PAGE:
Two separate legal proceedings. It has been reported in the Guardian that Mr Mohammed is seeking compensation after allegedly being mistreated whilst being detained by British troops in Afghanistan. He was subsequently handed over to the Afghan intelligence services who he says tortured him. Mr Mohammed's lawyers are also seeking a judicial review of the decision to transfer him.
A & A v Security Services & Others
The claimants' lawyers, Bhatt Murphy Solicitors, describe this case as involving "claims against the Security Services, the Foreign Office and the Home Office in relation to allegations of complicity in torture inflicted on British nationals detained in the custody of the Inter Services Intelligence Agency in Pakistan."
A British resident, married to a British national and with four British children living in London. He was arrested in Afghanistan in 2001. He is currently still being held in Guantanamo Bay. Further information: see the Reprieve website.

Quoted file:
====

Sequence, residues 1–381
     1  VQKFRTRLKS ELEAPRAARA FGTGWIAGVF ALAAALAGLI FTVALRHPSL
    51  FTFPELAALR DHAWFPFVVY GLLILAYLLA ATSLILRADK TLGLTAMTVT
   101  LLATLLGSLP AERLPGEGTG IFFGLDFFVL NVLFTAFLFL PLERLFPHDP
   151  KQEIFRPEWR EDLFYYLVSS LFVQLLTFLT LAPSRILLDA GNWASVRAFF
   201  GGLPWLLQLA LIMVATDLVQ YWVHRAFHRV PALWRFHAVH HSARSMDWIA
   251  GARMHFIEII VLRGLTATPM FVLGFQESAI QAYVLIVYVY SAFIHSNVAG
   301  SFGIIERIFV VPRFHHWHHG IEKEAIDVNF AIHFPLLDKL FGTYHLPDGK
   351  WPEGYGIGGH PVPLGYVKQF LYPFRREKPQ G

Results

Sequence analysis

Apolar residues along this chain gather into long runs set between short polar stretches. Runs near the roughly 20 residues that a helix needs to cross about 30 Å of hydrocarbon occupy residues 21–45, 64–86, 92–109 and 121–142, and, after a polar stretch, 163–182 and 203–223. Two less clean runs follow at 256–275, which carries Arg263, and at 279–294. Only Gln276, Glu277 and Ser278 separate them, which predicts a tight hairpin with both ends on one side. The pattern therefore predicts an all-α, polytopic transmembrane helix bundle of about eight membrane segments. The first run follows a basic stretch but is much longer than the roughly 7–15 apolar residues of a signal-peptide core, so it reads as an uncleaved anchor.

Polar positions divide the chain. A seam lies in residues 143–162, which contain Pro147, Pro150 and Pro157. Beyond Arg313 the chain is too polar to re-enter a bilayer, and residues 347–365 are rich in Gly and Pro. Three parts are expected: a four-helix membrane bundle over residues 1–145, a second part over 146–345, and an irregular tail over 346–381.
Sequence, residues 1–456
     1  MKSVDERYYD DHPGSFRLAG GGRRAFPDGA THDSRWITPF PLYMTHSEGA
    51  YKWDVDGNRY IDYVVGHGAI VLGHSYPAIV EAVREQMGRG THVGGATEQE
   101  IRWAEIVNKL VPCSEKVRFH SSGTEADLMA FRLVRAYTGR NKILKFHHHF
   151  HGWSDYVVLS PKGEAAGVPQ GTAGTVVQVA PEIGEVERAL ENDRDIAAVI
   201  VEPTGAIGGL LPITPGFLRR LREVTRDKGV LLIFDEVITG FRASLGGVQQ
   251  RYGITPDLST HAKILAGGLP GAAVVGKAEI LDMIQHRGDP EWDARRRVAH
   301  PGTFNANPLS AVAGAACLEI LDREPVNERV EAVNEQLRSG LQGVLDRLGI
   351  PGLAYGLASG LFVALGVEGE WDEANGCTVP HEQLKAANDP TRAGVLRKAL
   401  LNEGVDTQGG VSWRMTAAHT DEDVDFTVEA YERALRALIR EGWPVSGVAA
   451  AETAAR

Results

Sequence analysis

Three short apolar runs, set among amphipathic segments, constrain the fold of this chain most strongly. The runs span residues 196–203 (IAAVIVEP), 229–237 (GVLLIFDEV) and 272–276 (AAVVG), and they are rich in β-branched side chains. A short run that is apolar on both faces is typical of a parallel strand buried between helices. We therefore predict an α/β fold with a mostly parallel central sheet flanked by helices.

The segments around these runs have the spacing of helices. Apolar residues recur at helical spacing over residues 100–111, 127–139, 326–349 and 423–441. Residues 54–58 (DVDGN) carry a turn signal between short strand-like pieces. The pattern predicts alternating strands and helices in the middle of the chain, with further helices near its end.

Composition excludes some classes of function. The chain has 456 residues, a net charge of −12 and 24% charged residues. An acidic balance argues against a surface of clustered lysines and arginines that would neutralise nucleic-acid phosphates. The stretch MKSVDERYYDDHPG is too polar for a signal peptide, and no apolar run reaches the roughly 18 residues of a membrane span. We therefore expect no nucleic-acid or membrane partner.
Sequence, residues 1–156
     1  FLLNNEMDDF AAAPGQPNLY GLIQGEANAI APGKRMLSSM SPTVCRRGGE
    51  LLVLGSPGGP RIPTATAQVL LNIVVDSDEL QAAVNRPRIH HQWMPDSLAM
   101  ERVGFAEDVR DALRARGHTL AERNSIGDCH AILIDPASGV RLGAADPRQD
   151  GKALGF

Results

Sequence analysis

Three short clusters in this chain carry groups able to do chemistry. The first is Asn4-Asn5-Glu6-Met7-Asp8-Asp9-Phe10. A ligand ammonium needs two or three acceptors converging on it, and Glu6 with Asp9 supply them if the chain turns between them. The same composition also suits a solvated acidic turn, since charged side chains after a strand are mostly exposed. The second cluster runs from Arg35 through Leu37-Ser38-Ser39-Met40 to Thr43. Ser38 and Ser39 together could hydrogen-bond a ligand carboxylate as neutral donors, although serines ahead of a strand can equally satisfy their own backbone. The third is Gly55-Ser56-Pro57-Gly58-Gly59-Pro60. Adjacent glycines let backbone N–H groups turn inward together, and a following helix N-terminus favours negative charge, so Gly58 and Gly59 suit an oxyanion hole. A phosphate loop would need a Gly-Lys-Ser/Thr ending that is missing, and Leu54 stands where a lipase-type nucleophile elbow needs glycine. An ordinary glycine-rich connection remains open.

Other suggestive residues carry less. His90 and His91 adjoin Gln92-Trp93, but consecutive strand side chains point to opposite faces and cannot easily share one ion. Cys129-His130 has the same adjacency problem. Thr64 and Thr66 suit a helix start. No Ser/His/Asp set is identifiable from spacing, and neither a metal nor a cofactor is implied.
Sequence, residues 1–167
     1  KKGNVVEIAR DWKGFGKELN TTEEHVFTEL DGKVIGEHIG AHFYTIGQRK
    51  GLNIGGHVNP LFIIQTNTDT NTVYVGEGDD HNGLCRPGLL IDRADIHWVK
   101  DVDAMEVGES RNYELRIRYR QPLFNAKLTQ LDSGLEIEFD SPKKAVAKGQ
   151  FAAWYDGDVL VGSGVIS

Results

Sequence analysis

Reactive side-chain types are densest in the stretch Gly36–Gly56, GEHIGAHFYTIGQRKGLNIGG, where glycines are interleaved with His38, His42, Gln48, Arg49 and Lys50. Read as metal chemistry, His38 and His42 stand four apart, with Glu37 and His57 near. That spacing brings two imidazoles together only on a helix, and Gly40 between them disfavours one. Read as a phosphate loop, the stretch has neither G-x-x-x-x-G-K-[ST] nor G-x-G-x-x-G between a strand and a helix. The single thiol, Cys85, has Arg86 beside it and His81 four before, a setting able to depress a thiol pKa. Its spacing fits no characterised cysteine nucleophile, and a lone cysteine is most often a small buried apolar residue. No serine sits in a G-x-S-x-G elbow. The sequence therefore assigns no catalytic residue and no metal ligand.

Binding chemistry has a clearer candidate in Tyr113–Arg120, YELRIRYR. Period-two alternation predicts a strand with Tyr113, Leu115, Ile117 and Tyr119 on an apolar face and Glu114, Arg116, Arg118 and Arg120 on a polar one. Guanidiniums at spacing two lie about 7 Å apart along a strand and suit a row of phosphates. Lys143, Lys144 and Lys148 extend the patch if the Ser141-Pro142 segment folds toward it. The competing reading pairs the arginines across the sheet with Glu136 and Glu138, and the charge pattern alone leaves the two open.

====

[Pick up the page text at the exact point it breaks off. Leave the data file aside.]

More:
Yanus Rahmatullah was captured by UK forces in Iraq in February 2004. He was handed to US forces who have since held him at Bagram Airbase. On 14 December 2011, the Court of Appeal ordered the Government to ask the US to return him to UK custody, finding that the UK remained responsible for Mr Rahmatullah's well-being. A request was made but the US refused to return him. On 23 February 2012 the Court of Appeal decided it could do no more at that point. The issue of whether the Government should be doing more to secure Mr Rahmatullah's release was considered by the Supreme Court on 2 and 3 July 2012. Judgment has been deferred. Further information: see the Reprieve web site.
A police investigation looked into potential complicity on the part of MI6 officers in mistreatment of a detainee at the US prison in Bargram. In the end, the CPS and the Metropolitan Police found there was insufficient evidence to press charges against any officers. However, civil proceedings relating to these allegations may have been or may still be issued (these may also potentially include actions surrounding the treatment of Yanis Rahmatullah above).
Sami al-Saadi and Abdul Hakim Belhadj